Two separate announcements yesterday highlight the fact that big-data and machine-learning for A&R purposes are enjoying a bit of a moment – after years of being mostly seen as a controversial niche when they cropped up in the on-stage conversations at industry conferences.
Music Ally has been to countless panel sessions where A&R veterans scoffed at the idea that any kind of algorithm could ever rival the “gut feeling” of experienced human talent-spotters.
The counter-argument has always been that this isn’t the goal: but that these kind of systems can complement those skills, and perhaps also provide solid support for those talent-spotting guts.
That certainly seems to be the instinct behind Warner Music Group’s decision to acquire a startup called Sodatone, whose technology draws on streaming, social and touring data to spot unsigned talent with early momentum.
We first wrote about the US company in May 2016 when it launched in private beta, with its promise to let labels, bookers, promoters and managers “know if an artist is spoofing data and how passionate their fans are”.
Its founders will now report in to WMG’s chief data officer Vinnie Freda, and work with teams across WMG and Warner/Chappell. The hope, from WMG’s recorded-music boss Max Lousada: “Sodatone will help to differentiate us in the search for the superstars of tomorrow.”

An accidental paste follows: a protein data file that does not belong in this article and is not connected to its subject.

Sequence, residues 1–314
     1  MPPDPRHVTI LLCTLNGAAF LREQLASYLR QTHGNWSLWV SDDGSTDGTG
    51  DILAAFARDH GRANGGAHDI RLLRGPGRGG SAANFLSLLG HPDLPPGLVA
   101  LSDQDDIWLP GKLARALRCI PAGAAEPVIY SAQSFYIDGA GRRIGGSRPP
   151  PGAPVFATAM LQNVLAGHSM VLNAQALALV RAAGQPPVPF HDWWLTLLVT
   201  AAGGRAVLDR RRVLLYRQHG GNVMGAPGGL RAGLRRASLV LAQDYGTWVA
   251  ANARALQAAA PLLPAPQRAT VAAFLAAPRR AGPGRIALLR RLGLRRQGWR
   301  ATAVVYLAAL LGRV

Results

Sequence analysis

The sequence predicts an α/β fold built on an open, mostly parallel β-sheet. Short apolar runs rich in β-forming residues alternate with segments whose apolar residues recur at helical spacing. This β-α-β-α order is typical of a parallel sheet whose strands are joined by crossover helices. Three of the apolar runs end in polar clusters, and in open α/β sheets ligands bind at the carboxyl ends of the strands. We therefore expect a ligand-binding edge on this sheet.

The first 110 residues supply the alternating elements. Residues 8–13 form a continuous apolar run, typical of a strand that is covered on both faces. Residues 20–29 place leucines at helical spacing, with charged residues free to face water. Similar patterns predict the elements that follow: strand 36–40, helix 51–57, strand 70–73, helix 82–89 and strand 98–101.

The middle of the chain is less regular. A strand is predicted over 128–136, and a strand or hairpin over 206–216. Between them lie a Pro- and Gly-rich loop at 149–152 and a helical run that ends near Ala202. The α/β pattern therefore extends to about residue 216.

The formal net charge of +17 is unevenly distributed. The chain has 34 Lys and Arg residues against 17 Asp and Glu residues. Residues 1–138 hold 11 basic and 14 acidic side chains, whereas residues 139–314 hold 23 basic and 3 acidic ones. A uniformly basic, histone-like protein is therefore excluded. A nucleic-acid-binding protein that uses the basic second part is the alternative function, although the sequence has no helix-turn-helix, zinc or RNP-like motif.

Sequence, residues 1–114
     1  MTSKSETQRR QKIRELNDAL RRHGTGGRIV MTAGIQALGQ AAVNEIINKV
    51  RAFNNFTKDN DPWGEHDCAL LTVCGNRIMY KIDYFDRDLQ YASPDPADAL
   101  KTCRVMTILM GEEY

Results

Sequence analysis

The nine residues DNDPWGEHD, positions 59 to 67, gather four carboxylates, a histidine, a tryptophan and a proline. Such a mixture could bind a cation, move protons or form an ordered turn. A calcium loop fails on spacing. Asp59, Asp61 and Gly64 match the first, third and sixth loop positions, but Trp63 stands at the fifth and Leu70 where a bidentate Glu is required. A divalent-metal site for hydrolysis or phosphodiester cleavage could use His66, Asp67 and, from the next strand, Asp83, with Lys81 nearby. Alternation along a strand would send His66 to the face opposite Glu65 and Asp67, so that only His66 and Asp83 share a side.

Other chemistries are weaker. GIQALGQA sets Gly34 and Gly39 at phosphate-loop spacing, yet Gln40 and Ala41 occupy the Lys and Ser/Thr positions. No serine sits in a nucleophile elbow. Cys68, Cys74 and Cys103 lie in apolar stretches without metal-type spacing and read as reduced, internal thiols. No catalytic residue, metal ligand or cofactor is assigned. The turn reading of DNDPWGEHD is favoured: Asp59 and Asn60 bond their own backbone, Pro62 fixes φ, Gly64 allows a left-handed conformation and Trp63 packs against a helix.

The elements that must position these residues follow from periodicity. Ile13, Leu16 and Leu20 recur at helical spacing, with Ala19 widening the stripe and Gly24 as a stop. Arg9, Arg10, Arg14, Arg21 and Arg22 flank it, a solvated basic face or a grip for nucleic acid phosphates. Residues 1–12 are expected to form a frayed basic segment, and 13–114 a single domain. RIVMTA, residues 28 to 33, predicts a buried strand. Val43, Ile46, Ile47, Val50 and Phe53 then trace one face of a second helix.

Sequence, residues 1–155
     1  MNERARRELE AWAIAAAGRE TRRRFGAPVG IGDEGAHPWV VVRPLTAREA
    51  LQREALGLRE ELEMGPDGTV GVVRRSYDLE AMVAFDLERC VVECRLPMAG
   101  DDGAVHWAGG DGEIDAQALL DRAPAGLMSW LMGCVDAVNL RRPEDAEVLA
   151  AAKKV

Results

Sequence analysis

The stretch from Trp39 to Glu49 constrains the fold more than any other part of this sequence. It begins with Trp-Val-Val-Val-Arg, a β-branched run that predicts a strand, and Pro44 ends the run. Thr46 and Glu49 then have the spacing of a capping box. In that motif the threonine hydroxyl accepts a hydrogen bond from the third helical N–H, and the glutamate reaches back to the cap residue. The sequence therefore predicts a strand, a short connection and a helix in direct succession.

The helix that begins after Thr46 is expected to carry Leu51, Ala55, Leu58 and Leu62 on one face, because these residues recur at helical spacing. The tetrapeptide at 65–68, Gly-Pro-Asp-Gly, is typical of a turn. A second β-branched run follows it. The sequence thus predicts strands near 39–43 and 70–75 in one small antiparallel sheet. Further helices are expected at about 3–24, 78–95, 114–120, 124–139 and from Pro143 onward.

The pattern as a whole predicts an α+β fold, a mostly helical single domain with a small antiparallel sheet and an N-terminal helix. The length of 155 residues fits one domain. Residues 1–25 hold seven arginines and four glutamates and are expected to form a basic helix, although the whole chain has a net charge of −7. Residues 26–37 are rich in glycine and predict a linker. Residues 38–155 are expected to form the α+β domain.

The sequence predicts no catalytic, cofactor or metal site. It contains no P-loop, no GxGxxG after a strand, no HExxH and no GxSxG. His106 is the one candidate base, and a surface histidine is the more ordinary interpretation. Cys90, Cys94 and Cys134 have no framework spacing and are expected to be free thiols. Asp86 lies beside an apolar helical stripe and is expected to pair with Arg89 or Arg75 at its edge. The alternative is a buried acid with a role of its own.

The news came as another WMG-linked startup, Instrumental (founded by former Warner exec Conrad Withey), announced a $4.2m funding round to continue developing its TalentAI technology.
It scans “influential playlists” as well as social platforms with the same aim: to spot emerging artists showing early signs of (genuine, not fake) momentum, for labels, promoters and publishers. In his pitch at the Midemlab startup contest last June, Withey said Instrumental was generating £100k-£150k a month from its business.
Warner Music was one of the investors in Instrumental, so its decision to acquire a rival could be seen as a disappointment for the startup. That said, the Sodatone acquisition could also fire the latest starting gun for consolidation in and around big-data / machine-learning firms with proven technology – with A&R the focus this time rather than (as in the past) analytics for artists.
Meanwhile, what happens with Sodatone now will be important to watch: how can this kind of technology develop within a label and publisher if used on a day-to-day basis by A&R teams?
Just as the most interesting thing about artificial-intelligence music-composition technology is how human musicians use it, so the most interesting thing about data-based A&R is how those human talent-spotters (and their guts) use it.